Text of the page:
Your browser doesn't support javascript.
Show: 20 | 50 | 100
Results 1 - 20 de 618
Filter
1.
European Journal of Operational Research ; 2023.
Article in English | Scopus | ID: covidwho-2246788

ABSTRACT

Recently, an increasing number of companies have encountered random production disruptions due to the COVID-19 pandemic. In this study, we investigate a two-stage supply chain in which a retailer can order products from a low-price ("cheap”) unreliable supplier (who may be subject to an uncertain production disruption and partially deliver the order) and an "expensive” reliable supplier at Stage 1 and a more "expensive” backup supplier at Stage 2. If the disruption happens, only the products that were produced before the disruption time can be obtained from the unreliable supplier. It is found that in the case with imperfect demand information updating, the unreliable supplier is always used while the reliable supplier can be abandoned. The time-dependent supply property of the unreliable supplier reduces the retailer's willingness of adopting the dual sourcing strategy at Stage 1, compared with the scenario with all-or-nothing supply. Different from the case with imperfect demand information updating, either the reliable or unreliable supplier can be abandoned in the case with perfect demand information updating. We derive the optimal ordering decisions and the conditions where single sourcing or dual sourcing is adopted at Stage 1. We conduct numerical experiments motivated by the sourcing problem of 3M Company in the US during the COVID-19 and observe that the unreliable supplier is more preferable when the demand uncertainty before or after the emergency order is higher. Interestingly, the retailer tends to order more from the unreliable supplier when the production disruption probability is larger in some cases. © 2022 The Author(s)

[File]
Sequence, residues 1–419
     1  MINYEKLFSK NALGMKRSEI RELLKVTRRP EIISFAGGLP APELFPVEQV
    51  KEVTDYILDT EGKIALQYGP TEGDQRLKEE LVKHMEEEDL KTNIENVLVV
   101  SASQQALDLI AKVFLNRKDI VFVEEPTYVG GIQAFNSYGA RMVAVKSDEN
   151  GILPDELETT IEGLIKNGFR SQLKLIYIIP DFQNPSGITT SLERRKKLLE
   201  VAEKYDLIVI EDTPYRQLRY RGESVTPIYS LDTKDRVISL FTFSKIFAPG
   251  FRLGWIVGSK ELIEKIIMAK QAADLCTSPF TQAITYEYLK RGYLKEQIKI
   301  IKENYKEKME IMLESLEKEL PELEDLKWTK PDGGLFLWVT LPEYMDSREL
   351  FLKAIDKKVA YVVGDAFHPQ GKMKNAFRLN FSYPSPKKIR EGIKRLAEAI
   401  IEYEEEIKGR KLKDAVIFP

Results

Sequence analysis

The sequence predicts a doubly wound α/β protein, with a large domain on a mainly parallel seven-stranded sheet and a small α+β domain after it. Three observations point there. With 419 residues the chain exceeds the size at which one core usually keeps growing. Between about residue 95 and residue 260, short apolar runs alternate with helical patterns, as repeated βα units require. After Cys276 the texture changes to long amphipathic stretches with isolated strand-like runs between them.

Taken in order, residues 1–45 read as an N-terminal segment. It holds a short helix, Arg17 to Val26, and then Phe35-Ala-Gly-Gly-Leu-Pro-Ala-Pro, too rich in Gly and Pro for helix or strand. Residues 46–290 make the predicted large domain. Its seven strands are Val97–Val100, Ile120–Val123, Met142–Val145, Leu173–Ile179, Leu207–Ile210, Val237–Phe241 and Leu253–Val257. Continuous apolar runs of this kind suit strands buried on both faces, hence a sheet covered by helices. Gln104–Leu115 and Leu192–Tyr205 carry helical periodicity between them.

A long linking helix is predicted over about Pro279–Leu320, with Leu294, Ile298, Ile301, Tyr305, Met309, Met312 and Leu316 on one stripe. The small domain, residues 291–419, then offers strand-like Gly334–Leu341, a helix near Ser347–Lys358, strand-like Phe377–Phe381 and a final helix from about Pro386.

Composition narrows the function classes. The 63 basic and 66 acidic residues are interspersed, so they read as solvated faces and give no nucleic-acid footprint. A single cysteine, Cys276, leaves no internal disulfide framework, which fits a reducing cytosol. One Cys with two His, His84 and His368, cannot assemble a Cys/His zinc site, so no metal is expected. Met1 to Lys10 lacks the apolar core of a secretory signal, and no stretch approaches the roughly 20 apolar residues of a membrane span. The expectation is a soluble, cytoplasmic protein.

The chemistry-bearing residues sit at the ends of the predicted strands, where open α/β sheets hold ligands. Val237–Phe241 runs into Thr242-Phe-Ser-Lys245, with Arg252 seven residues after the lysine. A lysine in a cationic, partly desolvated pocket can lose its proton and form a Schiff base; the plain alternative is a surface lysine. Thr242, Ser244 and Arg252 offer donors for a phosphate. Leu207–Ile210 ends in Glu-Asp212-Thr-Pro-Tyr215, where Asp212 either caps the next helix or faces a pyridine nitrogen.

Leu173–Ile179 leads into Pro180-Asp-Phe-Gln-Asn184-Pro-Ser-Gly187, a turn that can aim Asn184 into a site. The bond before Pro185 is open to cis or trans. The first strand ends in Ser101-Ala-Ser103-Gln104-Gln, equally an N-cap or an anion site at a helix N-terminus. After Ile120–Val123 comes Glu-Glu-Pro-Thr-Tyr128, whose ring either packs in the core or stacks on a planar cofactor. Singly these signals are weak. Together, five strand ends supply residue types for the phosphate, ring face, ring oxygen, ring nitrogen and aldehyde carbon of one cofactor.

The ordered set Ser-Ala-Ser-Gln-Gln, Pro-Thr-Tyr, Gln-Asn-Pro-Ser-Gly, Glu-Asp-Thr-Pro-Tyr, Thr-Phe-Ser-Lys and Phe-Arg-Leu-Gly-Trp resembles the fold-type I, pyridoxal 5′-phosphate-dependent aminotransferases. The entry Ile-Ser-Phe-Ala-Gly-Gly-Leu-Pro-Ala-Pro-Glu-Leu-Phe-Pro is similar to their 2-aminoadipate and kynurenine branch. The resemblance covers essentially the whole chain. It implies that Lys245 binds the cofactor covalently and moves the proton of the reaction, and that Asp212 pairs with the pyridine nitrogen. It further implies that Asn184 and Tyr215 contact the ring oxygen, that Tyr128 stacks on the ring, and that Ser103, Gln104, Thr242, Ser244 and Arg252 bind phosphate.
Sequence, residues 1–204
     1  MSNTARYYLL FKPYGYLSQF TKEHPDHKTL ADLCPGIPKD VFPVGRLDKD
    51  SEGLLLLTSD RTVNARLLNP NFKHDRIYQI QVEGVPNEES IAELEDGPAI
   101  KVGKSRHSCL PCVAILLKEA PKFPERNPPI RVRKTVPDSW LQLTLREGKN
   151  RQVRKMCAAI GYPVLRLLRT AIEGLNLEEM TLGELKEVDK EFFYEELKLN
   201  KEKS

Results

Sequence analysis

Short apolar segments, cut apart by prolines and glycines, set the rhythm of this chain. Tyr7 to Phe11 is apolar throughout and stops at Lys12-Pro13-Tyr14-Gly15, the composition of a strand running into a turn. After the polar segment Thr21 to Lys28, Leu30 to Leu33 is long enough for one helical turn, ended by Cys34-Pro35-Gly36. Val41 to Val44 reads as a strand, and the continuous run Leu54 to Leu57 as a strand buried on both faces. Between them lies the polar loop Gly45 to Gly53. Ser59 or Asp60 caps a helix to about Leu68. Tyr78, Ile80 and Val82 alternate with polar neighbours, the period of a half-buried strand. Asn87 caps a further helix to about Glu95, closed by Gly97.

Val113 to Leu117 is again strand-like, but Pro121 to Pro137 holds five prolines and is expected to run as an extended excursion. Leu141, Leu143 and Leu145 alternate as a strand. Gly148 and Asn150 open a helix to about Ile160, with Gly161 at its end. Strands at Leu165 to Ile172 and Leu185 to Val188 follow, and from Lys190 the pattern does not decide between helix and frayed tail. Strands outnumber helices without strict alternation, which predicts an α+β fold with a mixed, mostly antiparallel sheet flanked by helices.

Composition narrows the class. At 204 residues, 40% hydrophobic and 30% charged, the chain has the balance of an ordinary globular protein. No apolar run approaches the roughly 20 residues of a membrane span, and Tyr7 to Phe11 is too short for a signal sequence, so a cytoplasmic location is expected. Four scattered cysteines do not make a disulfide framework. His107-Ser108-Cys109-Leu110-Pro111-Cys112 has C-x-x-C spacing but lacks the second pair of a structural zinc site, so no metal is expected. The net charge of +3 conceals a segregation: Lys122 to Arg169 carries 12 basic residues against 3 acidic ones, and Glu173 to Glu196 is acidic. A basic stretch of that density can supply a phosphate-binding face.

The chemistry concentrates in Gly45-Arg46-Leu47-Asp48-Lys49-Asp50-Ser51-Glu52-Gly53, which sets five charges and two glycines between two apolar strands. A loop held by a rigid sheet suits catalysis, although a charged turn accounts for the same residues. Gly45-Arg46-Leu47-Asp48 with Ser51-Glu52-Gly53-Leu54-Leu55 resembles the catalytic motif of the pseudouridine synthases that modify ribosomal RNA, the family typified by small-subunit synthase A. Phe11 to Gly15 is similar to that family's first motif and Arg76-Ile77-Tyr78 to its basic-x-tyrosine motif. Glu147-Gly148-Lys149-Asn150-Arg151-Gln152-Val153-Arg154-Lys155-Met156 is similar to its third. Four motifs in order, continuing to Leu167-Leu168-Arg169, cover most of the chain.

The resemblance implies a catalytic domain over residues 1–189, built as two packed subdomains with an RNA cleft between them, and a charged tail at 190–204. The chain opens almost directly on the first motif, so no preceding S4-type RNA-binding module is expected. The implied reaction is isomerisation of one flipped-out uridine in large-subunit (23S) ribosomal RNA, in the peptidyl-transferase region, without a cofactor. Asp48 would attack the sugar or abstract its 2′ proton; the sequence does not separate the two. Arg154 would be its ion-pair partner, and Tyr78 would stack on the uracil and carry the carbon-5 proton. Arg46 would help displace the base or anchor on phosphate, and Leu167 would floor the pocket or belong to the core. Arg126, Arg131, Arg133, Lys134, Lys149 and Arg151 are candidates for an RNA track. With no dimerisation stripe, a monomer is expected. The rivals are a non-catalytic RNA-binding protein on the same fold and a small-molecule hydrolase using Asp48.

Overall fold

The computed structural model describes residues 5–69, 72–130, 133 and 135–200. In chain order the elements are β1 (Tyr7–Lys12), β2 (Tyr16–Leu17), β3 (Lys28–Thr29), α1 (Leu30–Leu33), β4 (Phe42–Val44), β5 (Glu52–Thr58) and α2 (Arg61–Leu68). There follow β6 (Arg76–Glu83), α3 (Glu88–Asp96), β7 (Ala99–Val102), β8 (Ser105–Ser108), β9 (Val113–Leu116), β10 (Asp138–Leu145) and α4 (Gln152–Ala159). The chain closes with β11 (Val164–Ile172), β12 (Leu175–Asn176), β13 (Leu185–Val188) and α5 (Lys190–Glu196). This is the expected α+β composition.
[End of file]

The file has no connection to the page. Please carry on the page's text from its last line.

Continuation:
2.
Transportation Research Part D: Transport and Environment ; 114, 2023.
Article in English | Scopus | ID: covidwho-2246529

ABSTRACT

Previous studies extensively examined the role of accessibility to metro in shaping house prices but largely overlooked the contribution of accessibility by metro. In addition, limited studies examined the moderating effect of COVID-19 on the price effects of to-metro and by-metro accessibility. Based on multilevel hedonic price and quantile regression models, this study scrutinizes the association between to-metro accessibility, by-metro accessibility, and house prices in Chengdu, China, and examines the moderating role of COVID-19 in this association. We show that by-metro accessibility significantly influences house prices. COVID-19 significantly influences the value of to-metro accessibility but marginally affects that of by-metro accessibility. The value of to-metro accessibility is disproportionately affected by the pandemic. Specifically, small or low-priced houses are less affected than big or high-priced houses. In other words, the flattening of the to-metro price gradient is more discernible for big or high-priced houses. The changing preference of residents has also been verified by the decreases in house transaction volume in metro-adjacent areas. © 2022 Elsevier Ltd

3.
Borsa Istanbul Review ; 2023.
Article in English | Scopus | ID: covidwho-2246188